Most are not that cavalier these days, but it might be a very real challenge for those faithful, diligent employees who value their responsibility to the job they do. Those who have important duties that only they can perform will go into work sick so as not to inconvenience others on their team or hold up a process that depends on them. That's so thoughtful...or is it?The saddest case in my opinion is those who must show up, no matter how sick they are, because if they don’t work, they don’t eat. Those whose pay requires their presence, sick or not, so in their mind, going into work is not an option, it is a necessity. Today, in our current health crisis, this weighs on me, as I remember having this pressure on me as a young mother of two working nights at Taco Bell (I’m sorry for possibly sneezing on your burrito back in 1973). I used to say, “I cannot afford to be sick.” But these days, I cannot afford to go to work sick. One may affect us, but one may certainly affect many.Many company policies offer a certain amount of “sick days” and you can take them to take care of yourself, and still be paid. This is a huge benefit, and very much appreciated, but those days can go fast. In fact, if you are a single parent or a two-income home, these beneficial sick days often are not even used on your own sickness, but for your child’s. Which brings to mind another challenge, that of daycares and their policies for picking up your sick children, but that's another blog for another day.These hardships are real, and you shouldn’t have to choose between taking care of yourself, your children, or the customers you serve. The day we are living in now is a day of great challenge and great changes. I'm proud to say that we are rising to the challenge, and we are making the changes!The questions are many, and the answers are not simple, but please feel the care that we as Health Advisors here at Wellview Health feel for each one of you!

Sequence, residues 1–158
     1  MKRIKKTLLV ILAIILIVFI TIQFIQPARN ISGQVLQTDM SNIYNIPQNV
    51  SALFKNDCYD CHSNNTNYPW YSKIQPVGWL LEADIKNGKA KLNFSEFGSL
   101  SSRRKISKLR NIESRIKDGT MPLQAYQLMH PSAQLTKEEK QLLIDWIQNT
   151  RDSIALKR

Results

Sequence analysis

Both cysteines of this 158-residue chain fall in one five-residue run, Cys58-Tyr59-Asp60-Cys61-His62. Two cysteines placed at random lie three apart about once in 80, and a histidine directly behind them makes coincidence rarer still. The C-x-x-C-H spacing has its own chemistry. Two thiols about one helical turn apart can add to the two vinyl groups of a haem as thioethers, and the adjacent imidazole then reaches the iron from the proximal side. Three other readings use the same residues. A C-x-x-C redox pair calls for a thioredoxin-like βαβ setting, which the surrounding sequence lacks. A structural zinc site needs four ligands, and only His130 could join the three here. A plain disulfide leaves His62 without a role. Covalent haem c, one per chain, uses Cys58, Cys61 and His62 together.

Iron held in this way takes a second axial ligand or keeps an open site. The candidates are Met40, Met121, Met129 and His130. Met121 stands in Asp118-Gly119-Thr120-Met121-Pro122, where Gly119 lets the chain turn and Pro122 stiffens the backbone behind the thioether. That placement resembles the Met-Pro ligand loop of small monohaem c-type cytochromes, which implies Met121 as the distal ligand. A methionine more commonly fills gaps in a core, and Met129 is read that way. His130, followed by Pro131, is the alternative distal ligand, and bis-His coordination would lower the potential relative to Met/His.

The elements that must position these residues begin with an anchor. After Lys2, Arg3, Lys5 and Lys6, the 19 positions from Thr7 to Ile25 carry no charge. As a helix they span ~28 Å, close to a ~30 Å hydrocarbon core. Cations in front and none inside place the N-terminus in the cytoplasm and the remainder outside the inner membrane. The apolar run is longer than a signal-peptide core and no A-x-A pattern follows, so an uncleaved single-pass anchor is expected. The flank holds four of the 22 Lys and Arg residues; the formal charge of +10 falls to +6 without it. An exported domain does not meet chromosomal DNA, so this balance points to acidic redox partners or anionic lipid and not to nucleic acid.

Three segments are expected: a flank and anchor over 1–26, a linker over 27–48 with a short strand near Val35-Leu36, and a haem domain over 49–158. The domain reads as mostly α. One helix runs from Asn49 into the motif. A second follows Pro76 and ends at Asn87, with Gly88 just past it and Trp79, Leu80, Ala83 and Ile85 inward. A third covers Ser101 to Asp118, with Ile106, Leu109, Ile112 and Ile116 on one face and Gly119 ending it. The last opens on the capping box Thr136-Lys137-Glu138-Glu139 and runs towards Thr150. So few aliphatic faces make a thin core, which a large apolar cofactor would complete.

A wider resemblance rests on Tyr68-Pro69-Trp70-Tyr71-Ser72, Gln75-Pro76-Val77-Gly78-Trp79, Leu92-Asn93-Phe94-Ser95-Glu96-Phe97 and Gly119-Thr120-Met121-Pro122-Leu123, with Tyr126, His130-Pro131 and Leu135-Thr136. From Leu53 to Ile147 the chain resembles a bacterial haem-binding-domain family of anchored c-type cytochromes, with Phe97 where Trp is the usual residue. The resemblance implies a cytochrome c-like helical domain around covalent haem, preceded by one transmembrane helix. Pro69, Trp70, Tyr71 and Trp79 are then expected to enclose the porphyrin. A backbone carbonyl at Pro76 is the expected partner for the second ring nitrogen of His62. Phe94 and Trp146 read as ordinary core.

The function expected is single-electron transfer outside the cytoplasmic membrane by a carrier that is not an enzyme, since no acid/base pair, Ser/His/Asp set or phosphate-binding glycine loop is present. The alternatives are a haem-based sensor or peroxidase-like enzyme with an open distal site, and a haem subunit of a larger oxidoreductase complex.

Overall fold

Here are a few thoughts for takeaways:

  • Take good care of yourself.